Cause I’m leavin’ on a jet plane/Don’t know when I’ll be back again

A sister can be seen as someone who is both ourselves and very much not ourselves – a special kind of double. ~ Toni Morrison

Thou art thy mother’s glass, and she in thee/Calls back the lovely April of her prime. ~ William Shakespeare

In September, my mother is treating my sisters and me to a girls’ getaway weekend. On Sunday, we are getting together to vote on the destination. Each of us presented two different options and then we dwindled the list down to the two places we are voting on. Our final decision rests between San Francisco, CA and Martha’s Vineyard, MA–both equally enticing destinations, if you ask me.

It’s been over a decade since I traveled to The Vineyard on a whim one early summer day. A few years post-college graduation, I lived near Boston, MA. My work took me up and down the New England coast and inland, still. I covered much ground in a short period of time. I’m forever grateful that I took the chance to start my career in such a historically-rich, interesting, and beautiful part of the country, one for which my heart was already fond of. Because I once lived a mere 26.2 miles from Boston as an elementary school aged child, I remained akin to the culture, language, and beauty of this part of our amazing country. Back when my family dwelled there, my parents were intent on showing us the cranberry bogs nestled in Southeastern, MA, the crimson and orange leaves in all their glory at parks along the way to Plimoth Plantation, the white city lights and quaint treasures nestled snugly inside unique shops in Faneuil Hall Marketplace, and the sheer exhilarating mounting of intense excitement that comes with being a spectator at the start of the Boston Marathon. I was blessed with parents who loved history as much as they did the great outdoors. Oh, how New England tugs at my heart, still! To me, there’s nothing like the sights, smells, and sounds of the landscape and life uniquely New England.

On an opposite coast, San Francisco lies not without sentiment, I must admit. A different sort of freedom and nostalgia tugs at my heart for its surrounding waters, balmy sea air and of course, the distinct coolness factor representative of this Californian dream town. I found myself right in the heart of this incredible city as I began a new job and life in Massachusetts. My new employer hired me just in time for their annual sales meeting that was being held in San Francisco and I couldn’t believe my luck! Not only was I moving back to Massachusetts which I had always dreamed of, I was now flying to a city I’d only read about but knew I would adore. As I flew to California for the very first time, I was immediately enamored by all the Bay Area had to offer. Thousands of miles away from my beloved Massachusetts, it didn’t take long before I fell in love with an entirely new city. This expounded love for a city I had no connection to felt so different, unreal, even. It didn’t feel anything like cheating, or disloyalty. Actually, I recall it felt exhilarating and freeing to have found another place in the world where I felt completely at home. On the red-eye return flight, I imagined that over the next few years, with the opportunities that awaited me just with this new job in an industry I knew I was meant for, I conjured up all sorts of positive thoughts about the incredible American cities and towns that awaited exploration and newfound love in their own right. It was a dream come true, really—being single, free to travel on a whim, working diligently at my job that took me to places near and far—seeing America with innocent eyes. In the time that followed, I felt that it was easy to fall in love with almost any city or town as long as I looked for the good around me. This love wasn’t trite or inexperienced, but born of interest and excitement. So, I let my heart lead me up and down, inside and out all of New England. My love for new towns accompanied me from coast to coast and to almost all of the 50 states in-between. What I’ve realized in the years that have past by is that I was given a gift most people only dream of as I was able to garner so much about this incredible country of ours just by the mere act of employment—and that’s a freedom I will cherish forever. During my pre-motherhood years, I returned to San Francisco a few times more, explored a little deeper and wondered how I might ever be able to dwell in a city with the most ideal climate I’ve ever known.  No doubt the allure of the Bay Area hasn’t changed since my first visit, and I believe that there’s always room to fall head over heels in love all over again with such an ideal place on the map.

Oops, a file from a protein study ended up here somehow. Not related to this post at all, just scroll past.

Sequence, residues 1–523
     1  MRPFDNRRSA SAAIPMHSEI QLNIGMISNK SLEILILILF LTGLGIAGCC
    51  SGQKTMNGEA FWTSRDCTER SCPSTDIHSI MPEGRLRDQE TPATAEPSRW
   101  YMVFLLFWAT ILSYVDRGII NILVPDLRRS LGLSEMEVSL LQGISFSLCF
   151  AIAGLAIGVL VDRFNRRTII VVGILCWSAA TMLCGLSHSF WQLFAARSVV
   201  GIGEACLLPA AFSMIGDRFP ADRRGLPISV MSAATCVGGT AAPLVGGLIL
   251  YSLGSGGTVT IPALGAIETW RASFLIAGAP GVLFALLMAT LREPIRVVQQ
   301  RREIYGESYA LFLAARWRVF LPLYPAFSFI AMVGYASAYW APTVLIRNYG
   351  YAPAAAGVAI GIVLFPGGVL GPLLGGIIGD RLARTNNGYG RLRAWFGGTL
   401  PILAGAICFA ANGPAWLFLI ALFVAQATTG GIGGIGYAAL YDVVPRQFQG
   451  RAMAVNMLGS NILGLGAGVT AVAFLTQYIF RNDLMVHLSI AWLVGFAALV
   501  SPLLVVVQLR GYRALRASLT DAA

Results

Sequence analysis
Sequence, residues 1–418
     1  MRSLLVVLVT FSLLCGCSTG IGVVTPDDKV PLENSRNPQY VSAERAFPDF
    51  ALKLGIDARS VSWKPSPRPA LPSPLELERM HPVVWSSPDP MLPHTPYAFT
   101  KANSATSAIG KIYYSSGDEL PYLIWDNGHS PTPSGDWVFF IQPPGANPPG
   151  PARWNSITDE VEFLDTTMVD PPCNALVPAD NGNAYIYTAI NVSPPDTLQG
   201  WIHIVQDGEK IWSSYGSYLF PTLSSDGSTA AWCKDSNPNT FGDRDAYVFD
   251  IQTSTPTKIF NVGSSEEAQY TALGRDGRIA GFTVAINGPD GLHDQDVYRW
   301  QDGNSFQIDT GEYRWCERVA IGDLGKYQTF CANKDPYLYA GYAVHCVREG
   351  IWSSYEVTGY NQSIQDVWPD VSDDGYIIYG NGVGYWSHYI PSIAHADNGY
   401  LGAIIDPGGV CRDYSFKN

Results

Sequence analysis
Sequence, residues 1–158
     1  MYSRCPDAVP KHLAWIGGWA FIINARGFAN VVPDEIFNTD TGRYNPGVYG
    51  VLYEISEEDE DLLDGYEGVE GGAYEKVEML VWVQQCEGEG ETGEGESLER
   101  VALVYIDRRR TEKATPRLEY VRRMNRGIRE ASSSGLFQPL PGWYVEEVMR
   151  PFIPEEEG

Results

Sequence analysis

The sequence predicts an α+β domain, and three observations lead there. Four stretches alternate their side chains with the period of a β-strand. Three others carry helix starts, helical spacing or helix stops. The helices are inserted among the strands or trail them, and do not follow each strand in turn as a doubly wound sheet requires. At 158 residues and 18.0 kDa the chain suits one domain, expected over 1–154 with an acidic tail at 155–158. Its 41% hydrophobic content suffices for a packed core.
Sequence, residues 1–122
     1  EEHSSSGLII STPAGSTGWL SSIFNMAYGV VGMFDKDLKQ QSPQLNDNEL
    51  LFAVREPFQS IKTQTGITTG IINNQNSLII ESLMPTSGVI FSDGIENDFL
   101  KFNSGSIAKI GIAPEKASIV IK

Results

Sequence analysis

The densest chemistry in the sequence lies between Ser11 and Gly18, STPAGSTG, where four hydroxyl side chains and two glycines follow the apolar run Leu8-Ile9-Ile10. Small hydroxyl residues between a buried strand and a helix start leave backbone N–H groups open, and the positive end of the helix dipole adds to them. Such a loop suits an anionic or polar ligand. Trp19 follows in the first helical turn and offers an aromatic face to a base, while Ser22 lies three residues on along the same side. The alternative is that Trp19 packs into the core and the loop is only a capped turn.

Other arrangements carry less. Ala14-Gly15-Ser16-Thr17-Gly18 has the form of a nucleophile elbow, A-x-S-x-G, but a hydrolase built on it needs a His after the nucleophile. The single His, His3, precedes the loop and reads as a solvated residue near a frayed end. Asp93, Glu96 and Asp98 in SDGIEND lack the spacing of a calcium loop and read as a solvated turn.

To be honest, I will be truly happy to return to either one of these choice destinations. Sure, there are logistics to consider (length of travel, The Husband’s work schedule flexibility, and of course the length I can be away before my three kids reach total meltdown mode or I’m missing them more), but ultimately, I will be happy with either way the vote may sway. What may be more interesting, however, is how well my two sisters, mother, and I will travel together. And that, well that’s a story best saved for another time!

“Cause I’m leavin’ on a jet plane/Don’t know when I’ll be back again” (John Denver)

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